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Quantitative in vivo mapping of myocardial mitochondrial membrane potential

  • Nathaniel M. Alpert ,

    Roles Conceptualization, Formal analysis, Investigation, Methodology, Writing – original draft, Writing – review & editing

    Affiliation Gordon Center for Medical Imaging, Massachusetts General Hospital, Harvard Medical School, Boston, Massachusetts, United States of America

  • Nicolas Guehl,

    Roles Data curation, Formal analysis, Methodology, Writing – review & editing

    Affiliation Gordon Center for Medical Imaging, Massachusetts General Hospital, Harvard Medical School, Boston, Massachusetts, United States of America

  • Leon Ptaszek,

    Roles Investigation, Methodology, Writing – review & editing

    Affiliation Cardiac Arrhythmia Service, Massachusetts General Hospital, Harvard Medical School, Boston, Massachusetts, United States of America

  • Matthieu Pelletier-Galarneau,

    Roles Investigation, Writing – review & editing

    Affiliation Gordon Center for Medical Imaging, Massachusetts General Hospital, Harvard Medical School, Boston, Massachusetts, United States of America

  • Jeremy Ruskin,

    Roles Methodology, Resources

    Affiliation Cardiac Arrhythmia Service, Massachusetts General Hospital, Harvard Medical School, Boston, Massachusetts, United States of America

  • Moussa C. Mansour,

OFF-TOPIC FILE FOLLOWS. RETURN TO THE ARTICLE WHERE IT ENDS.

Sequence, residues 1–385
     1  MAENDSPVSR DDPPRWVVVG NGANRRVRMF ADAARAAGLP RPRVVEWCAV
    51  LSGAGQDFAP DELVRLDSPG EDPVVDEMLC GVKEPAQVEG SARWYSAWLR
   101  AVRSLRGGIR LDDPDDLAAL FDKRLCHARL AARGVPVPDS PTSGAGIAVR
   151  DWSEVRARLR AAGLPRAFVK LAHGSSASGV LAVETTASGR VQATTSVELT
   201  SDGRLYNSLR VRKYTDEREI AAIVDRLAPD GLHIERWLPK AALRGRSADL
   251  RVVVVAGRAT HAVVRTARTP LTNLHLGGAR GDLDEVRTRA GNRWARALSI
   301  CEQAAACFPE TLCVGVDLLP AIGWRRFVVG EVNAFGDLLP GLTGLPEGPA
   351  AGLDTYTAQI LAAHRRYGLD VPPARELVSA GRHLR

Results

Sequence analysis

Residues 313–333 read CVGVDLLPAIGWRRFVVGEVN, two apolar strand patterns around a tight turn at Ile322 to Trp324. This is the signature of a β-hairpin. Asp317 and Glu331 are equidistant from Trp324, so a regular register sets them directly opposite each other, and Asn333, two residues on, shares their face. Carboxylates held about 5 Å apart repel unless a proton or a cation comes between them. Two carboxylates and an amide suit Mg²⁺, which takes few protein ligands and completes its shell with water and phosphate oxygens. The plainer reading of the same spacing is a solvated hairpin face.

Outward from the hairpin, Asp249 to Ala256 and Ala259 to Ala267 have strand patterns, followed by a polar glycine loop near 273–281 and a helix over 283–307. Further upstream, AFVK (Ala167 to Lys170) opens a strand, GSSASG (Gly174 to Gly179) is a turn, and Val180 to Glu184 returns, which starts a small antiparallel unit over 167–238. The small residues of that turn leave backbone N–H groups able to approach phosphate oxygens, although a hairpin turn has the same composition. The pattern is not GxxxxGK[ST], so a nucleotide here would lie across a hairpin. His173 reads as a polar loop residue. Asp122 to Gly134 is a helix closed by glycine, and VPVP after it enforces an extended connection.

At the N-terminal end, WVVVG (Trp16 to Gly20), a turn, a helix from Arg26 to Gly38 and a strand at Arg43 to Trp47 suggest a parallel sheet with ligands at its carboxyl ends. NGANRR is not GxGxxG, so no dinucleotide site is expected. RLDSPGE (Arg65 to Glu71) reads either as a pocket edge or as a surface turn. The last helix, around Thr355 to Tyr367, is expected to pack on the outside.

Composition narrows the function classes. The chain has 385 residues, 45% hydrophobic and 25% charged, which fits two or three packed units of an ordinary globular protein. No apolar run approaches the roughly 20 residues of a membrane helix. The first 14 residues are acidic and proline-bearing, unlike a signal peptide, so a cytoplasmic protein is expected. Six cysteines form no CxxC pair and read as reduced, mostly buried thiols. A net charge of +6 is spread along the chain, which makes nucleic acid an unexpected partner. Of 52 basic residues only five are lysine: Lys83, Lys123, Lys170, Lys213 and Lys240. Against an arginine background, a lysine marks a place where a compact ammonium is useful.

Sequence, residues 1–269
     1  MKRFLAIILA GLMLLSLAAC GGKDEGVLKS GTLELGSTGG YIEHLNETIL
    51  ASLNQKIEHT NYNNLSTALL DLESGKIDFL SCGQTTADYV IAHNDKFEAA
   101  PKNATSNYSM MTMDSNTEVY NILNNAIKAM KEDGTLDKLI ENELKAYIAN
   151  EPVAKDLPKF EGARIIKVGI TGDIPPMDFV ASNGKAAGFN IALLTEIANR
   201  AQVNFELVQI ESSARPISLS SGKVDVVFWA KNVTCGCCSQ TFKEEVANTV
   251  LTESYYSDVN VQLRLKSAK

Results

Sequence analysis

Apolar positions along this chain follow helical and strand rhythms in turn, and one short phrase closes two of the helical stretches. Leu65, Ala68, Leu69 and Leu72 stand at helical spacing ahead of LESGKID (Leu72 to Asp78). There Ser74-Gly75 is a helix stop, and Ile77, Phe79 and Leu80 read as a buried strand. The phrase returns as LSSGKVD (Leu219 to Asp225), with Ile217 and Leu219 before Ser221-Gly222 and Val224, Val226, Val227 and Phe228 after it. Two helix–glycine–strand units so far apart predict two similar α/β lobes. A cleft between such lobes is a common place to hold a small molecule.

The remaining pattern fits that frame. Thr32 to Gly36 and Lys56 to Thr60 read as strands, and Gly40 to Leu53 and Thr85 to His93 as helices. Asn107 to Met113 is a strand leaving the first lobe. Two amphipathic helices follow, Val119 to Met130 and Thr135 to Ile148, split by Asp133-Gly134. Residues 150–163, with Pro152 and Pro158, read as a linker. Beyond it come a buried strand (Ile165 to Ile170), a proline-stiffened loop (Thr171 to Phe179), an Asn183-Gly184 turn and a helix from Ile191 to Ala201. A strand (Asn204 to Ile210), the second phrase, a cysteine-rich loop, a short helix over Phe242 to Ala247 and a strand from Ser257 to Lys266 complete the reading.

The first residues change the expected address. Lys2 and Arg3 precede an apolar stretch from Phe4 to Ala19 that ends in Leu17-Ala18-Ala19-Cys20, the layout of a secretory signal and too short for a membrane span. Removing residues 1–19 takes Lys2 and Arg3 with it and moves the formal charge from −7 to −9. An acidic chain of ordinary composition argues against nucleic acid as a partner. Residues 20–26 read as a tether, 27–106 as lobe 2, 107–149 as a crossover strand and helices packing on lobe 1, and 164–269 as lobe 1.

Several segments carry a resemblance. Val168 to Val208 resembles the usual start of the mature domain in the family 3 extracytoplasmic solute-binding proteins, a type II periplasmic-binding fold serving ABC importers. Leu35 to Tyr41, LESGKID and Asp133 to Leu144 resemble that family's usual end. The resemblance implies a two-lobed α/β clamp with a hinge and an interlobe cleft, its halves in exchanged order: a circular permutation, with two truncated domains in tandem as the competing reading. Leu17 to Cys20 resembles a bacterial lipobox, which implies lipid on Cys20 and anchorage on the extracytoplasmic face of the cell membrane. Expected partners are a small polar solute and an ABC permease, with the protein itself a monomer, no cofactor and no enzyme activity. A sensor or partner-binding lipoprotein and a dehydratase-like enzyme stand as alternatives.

Roles Conceptualization, Methodology, Resources

    Affiliation Cardiac Arrhythmia Service, Massachusetts General Hospital, Harvard Medical School, Boston, Massachusetts, United States of America

  • Dustin Wooten,

    Roles Investigation, Methodology

    Affiliation Gordon Center for Medical Imaging, Massachusetts General Hospital, Harvard Medical School, Boston, Massachusetts, United States of America

  • Chao Ma,

    Roles Investigation, Methodology

    Affiliation Gordon Center for Medical Imaging, Massachusetts General Hospital, Harvard Medical School, Boston, Massachusetts, United States of America

  • Kazue Takahashi,

    Roles Investigation, Methodology

    Affiliation Gordon Center for Medical Imaging, Massachusetts General Hospital, Harvard Medical School, Boston, Massachusetts, United States of America

  • Yun Zhou,

    Roles Conceptualization, Methodology, Writing – review & editing

    Affiliation The Russell H. Morgan Department of Radiology and Radiological Science, School of Medicine Johns Hopkins University, Baltimore, Maryland, United States of America

  • Timothy M. Shoup,

    Roles Conceptualization, Methodology

    Affiliation Gordon Center for Medical Imaging, Massachusetts General Hospital, Harvard Medical School, Boston, Massachusetts, United States of America

  • Marc D. Normandin,

    Roles Methodology, Writing – review & editing

    Affiliation Gordon Center for Medical Imaging, Massachusetts General Hospital, Harvard Medical School, Boston, Massachusetts, United States of America

  • Georges El Fakhri

    Roles Funding acquisition, Investigation, Methodology, Project administration, Writing – review & editing

    Affiliation Gordon Center for Medical Imaging, Massachusetts General Hospital, Harvard Medical School, Boston, Massachusetts, United States of America


8 Feb 2018: The PLOS ONE Staff (2018) Correction: Quantitative in vivo mapping of myocardial mitochondrial membrane potential. PLOS ONE 13(2): e0192876. View correction



Mitochondrial membrane potential (ΔΨm) arises from normal function of the electron transport chain. Maintenance of ΔΨm within a narrow range is essential for mitochondrial function. Methods for in vivo measurement of ΔΨm do not exist. We use 18F-labeled tetraphenylphosphonium (18F-TPP+) to measure and map the total membrane potential, ΔΨT, as the sum of ΔΨm and cellular (ΔΨc) electrical potentials.